Construction of G First change the PDA P as follows:
The PDA P has a single accept state The PDA P empties its stack before accepting. Each transition either pushes a symbol on the Stack or pops a symbol, but not both. (WE already know how to do it).

The Variables of G and the Idea
For each pair of states P, p and q , the grammar Gs has a variable . The idea of the construction: can be derived from the variable if and only if w takes PDA P from p, with an empty stack to q with an empty stack.

Properties of G Note: if w takes P from p, with an empty stack to q with an empty stack then w takes P from p, with any stack content to q with the same stack content. Also note: The first step of P from p, to q with w must be a push step.

Properties of G Also Note: We do not know if there exists even a single , such that w takes P from p with an empty stack to q with an empty stack. The grammar G should be obtained from P by syntactical transformations and not by trying to simulate P .

Rules of G Assume w takes P from p, with an empty stack to q with an empty stack. There are 2 possibilities: During P ‘s transition from p to q with an empty stack, the stack is never empty. There exists some intermediate state r in which the stack is empty.

Rules of G – First Type The first type of rules is designed to enable a derivation of w from G iff w takes P from p to q where the stack is not empty in any intermediate state. If such a w exists, its first symbol should induce a push step of some stack symbol t (since at p the stack id empty). For a similar reason, the last symbol of w must induce a pop step of the same symbol t.

Rules of G – First Type The rules of the first type are designed to enable a derivation of w that takes P from p to q, if such a w exists: Let a, be the input symbol inducing P’s transition from p to r while pushing stack symbol t. Let b be the input symbol inducing P’s transition from s to q while popping the same symbol t. Add to G the rule .

Rules of G – Second Type The second type of rules is designed to enable a derivation of w from G iff w takes P from p to q where the stack is empty on some intermediate state. Since we cannot guess which will the intermediate state be, we add to G the rule for any state .

Rules of G – Third Type So far, all the rules have a variable on the right hand side. One can see that if w takes P from p, with an empty stack to q with an empty stack where the stack is not empty in any intermediate step, then is a derivation of G .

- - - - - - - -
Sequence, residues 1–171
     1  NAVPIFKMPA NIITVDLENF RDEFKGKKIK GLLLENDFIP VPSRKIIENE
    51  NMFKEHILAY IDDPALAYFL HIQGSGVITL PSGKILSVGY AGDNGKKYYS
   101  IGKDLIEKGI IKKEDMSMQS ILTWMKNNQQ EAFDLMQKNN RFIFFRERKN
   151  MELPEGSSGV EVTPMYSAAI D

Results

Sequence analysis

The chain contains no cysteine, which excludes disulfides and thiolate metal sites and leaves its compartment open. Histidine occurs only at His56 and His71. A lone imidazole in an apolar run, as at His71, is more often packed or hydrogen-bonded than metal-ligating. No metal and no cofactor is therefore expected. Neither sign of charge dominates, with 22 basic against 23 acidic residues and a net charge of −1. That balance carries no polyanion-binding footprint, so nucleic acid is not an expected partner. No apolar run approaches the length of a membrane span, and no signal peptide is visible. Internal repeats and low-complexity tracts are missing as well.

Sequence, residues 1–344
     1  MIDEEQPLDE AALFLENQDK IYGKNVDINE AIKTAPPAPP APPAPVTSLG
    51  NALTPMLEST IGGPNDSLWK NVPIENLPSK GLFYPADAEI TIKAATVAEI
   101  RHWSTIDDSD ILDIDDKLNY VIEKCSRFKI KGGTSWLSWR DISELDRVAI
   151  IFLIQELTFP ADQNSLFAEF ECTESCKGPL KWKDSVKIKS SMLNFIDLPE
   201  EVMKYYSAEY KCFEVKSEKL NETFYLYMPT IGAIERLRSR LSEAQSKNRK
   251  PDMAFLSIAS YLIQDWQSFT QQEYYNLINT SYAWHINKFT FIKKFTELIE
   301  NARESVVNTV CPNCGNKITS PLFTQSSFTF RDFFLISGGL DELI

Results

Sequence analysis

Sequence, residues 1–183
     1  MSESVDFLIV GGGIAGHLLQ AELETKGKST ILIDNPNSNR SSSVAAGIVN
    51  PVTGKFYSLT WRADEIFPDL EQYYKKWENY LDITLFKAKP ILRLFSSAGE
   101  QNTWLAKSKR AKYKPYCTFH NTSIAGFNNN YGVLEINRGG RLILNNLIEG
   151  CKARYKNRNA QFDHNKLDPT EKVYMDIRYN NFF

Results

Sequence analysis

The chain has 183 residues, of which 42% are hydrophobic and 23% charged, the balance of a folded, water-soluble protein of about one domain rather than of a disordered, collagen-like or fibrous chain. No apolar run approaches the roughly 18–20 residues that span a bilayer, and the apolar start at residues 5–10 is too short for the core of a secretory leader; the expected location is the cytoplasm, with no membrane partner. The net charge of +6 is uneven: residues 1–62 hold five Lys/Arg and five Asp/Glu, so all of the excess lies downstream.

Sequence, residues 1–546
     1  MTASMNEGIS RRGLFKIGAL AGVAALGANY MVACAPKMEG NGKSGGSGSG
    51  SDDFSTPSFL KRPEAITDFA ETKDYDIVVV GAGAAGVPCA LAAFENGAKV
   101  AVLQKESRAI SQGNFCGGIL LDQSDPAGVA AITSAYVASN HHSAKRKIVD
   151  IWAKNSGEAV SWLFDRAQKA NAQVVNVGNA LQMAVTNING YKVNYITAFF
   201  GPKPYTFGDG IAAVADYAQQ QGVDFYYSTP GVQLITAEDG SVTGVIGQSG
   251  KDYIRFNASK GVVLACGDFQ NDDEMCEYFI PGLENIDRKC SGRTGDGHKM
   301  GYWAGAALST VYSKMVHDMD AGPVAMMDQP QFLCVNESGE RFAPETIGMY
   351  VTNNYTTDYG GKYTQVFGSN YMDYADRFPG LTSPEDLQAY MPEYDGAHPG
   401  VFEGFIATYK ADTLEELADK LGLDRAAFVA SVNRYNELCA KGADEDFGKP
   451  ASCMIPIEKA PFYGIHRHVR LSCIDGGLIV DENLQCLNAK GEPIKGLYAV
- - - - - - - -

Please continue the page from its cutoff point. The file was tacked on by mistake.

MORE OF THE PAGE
Rules of G – Third Type Each in the derivation Is an input symbol and . The variables of G correspond to all intermediate states which P visits on its computation from p, with an empty stack to q with an empty stack with input w .

Rules of G – Third Type In order to derive w, we add rules of a third type: for any state p of P add the rule This completes the construction of G .

Rules of G – A Formal Definition
For each , and , if and add the rule to G. For each , add the rule to G. For each , add the rule To G.

The Proof For any , we have to prove that G generates G if and only if P accepts it. If we prove just one direction we may end up either with G generating words that P does not accept or with P accepting words that G does not generate.

Claim If generates x then x can bring P from p, with an empty stack to q with an empty stack.

Proof By induction on the length (number of steps) of the derivation of If x . Basis: The derivation has 1 step The only rule whose left side has no variables , obviously takes P from p, with an empty stack to p with an empty stack.

The Induction Step Assume the claim is true for derivations of steps, and let be a derivation of steps. Consider the first step of Its form is either or

The Induction Step - case__________
In this case Assume the claim is true for and is a derivation of with steps. By the IH takes P from r, with an empty stack to s with an empty stack. Since is a rule of G , we can conclude and . QED

The Induction Step - case__________